GlobeMed at Columbia University

GlobeMed aims to strengthen the movement for global health equity by empowering students and communities to work together to improve the health of people living in poverty around the world. GlobeMed is an international community of students and grassroots organizations who form long-term partnerships, the heart of GlobeMed's model. Together, the chapter and partner organization implement specific health and development projects, communicating on every aspect from initial design to monitoring and evaluation. In just four years, GlobeMed established chapters at 46 universities across the United States, inspiring thousands of students to become lifelong advocates for global health equity. We co...
Apr 14, 2015

Spring's News and Exciting Updates from GWED-G

Mothers with mama kits, donated by Delivering Hope
Mothers with mama kits, donated by Delivering Hope

Hello family, friends, and supporters!

We hope this message finds you enjoying the first few days of spring. We want to thank you all for your support so far this year. So far, 2015 has been great for GlobeMed at Columbia as we have added around 12 new members to our chapter, and strengthened ties between members who have already been with us. As a chapter, we have sent members to our national global health conference in Evanston, Illinois, hosted our bi-annual Gala, and put together many events that both raise awareness about our project and help fundraise for our project on campus. We are thrilled to share recent updates from GWED-G below.

First, we are excited to highlight that GWED-G’s work regarding youth, mama kits, and GlobeMed’s project was featured in the Daily Monitor, a national Ugandan newspaper. Pamela Angwech, GWED-G’s founder and leader, was recently awarded for her work with women’s rights. Additionally, GWED-G, as a leader in movements for gender equality and women’s empowerment, has been involved in a number of collaborations – with several organizations for international women’s day on March 8th, with the French embassy, with the UN, with Mount Sinai in New York, US on their global health curriculum, and with Straight Talk Foundation on developing youth IEC (Information Education and Communication) materials. This outreach and collaboration is very exciting to hear about, as it means that more people than ever are hearing about all that GWED-G does.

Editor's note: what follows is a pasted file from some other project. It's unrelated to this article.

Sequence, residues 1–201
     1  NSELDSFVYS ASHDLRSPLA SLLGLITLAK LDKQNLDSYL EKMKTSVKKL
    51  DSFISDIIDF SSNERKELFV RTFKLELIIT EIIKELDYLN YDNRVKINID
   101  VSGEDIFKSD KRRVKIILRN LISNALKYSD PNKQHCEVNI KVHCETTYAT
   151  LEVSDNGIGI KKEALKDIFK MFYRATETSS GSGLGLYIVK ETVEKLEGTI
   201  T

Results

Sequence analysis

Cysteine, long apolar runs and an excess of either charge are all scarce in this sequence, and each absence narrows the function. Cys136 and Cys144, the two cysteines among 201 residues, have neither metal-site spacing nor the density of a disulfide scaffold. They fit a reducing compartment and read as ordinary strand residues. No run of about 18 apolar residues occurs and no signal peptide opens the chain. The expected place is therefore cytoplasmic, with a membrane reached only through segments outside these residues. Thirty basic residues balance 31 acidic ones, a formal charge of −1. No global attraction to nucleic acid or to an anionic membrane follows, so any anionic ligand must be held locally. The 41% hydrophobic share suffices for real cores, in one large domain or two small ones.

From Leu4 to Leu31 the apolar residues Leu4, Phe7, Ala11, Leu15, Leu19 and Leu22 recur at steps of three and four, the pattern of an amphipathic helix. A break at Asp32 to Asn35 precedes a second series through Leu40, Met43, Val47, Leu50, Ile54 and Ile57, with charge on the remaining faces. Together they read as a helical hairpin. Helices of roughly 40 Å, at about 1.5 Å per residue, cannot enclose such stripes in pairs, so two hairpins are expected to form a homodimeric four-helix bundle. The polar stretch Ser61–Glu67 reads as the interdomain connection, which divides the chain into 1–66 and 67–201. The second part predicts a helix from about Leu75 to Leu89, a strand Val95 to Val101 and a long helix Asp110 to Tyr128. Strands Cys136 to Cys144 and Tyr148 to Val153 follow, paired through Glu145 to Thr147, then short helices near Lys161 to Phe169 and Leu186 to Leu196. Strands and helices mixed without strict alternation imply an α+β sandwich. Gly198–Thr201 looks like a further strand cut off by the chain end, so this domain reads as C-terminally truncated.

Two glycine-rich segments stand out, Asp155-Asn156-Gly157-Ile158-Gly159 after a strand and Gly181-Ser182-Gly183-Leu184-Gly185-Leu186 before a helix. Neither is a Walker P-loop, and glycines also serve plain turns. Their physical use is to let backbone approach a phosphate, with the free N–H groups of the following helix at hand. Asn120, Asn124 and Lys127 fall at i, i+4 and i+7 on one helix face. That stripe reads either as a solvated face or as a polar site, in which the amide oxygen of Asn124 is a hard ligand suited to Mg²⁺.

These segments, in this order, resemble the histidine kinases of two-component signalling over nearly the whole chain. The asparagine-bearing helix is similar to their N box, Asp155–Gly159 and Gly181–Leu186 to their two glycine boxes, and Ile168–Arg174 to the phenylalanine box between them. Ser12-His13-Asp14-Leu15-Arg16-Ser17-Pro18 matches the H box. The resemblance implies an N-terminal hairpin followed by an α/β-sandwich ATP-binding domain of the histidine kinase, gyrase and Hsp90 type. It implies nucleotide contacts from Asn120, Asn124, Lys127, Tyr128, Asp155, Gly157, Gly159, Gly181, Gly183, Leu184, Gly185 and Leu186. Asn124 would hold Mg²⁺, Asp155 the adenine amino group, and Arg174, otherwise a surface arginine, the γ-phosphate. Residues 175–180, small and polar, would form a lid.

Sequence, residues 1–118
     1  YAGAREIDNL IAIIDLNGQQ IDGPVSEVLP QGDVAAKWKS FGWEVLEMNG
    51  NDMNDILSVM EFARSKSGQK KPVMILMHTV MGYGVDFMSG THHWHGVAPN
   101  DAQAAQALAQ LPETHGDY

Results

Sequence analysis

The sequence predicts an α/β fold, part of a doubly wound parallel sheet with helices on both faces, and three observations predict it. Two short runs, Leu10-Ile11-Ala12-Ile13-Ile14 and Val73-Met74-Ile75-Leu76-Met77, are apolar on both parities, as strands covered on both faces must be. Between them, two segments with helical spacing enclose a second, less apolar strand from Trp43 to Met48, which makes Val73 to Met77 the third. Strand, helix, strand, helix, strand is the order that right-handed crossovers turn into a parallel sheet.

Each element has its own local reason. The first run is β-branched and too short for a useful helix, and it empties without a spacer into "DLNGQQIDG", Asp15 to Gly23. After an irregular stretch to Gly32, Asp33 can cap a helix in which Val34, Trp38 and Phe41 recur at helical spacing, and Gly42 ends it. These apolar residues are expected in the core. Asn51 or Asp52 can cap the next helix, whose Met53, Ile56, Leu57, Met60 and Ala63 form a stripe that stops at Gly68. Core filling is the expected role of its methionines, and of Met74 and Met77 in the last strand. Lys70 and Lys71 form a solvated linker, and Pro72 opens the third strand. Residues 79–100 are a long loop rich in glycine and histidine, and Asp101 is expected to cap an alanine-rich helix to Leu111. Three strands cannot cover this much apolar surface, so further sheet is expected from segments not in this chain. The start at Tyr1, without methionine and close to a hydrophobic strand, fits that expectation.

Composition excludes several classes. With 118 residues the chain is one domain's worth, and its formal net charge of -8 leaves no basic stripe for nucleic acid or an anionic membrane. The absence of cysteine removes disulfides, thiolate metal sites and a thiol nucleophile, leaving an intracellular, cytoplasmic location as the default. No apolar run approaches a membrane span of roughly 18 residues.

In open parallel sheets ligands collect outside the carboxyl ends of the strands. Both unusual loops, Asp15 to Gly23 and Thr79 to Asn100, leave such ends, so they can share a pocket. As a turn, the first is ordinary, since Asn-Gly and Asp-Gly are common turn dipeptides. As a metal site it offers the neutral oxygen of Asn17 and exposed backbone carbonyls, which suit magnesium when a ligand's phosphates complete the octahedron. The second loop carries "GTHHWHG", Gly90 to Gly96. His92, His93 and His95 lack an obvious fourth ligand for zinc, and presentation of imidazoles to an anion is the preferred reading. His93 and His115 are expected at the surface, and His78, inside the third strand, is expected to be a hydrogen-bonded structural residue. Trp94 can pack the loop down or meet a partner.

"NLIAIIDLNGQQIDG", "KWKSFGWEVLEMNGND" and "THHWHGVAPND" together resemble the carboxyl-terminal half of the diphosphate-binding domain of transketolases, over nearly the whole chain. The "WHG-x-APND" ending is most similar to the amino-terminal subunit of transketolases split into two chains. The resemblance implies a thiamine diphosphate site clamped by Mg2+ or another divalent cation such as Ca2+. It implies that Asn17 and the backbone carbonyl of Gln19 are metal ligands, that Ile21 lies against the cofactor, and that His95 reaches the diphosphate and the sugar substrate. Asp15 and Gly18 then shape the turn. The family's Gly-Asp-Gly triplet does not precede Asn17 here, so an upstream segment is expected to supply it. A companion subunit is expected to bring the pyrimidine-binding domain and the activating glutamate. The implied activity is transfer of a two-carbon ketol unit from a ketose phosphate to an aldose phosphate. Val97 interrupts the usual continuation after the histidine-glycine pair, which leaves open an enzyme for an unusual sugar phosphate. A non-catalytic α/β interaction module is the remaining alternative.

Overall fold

As for what GWED-G has been working on specifically, we’d like to relay to you a few important updates. As always, these updates deal with integrating different facets - 146 people were tested for HIV/AIDS through voluntary counseling and testing (VCT), 35 pregnant mothers received antenatal testing, 20 mothers benefitted from family planning outreaches, 18 babies were immunized, and 215 community members were involved in discussions on issues surrounding HIV/AIDS through awareness sensitization campaigns. Following up since our last message, mapping of the beneficiaries for this year has been concluded. More mothers have been included in our project - in Coke, we now have 87 HIV-positive mothers, as is true with two other groups, and our original Palema group has 300- all exceeding our capacity set at 50 mothers per group. While there are limits to the number of mothers we can fully accommodate, we can still overcome those limits through your kind donations. Additionally, we have been reaching out to our secondary beneficiaries through awareness and sensitization campaigns and working to continue education to prevent reinfection for the babies.

A new facet of our project which was recently implemented, the Gender Based Violence initiative, has taken off and we are focusing on bringing awareness of gender based violence to women living with HIV and their spouses, including the youths. This is so crucial not only because in itself, gender based violence is shocking, and deeply harmful, but also because it can have dire consequences in terms of physical, mental, and emotional health. In fact, women who experience gender based violence are three times more likely to have an unwanted pregnancy, HIV, or another sexually transmitted disease than those that do not.

More about our collaboration with Straight Talk Foundation: their trainings are for officers working around reproductive health rights and aim to strengthen audience participation during sensitization sessions. Some suggested methods are to make the participant have room to talk, consistently review current methods of outreach, and expose the participants to new knowledge while they are in groups- to have a two sided conversation. As always, HIV/AIDS is a sensitive issue and it’s not enough to focus solely on one person; it is important to involve the family/relatives as well, which GWED-G does, and to cater towards each respective participant age group.

As you can see, both GWED-G and GlobeMed at Columbia finished 2014 strong! We are grateful for your support in 2015 so far and would like to celebrate the successes we have achieved together. However, we still have a long way to go until the people of northern Uganda fully exercise their right to health. We ask for your contribution to and continued support for GlobeMed at Columbia’s project. Feel free to visit our GlobalGiving page, Wordpress, Tumblr, and Facebook pages or follow us on Twitter.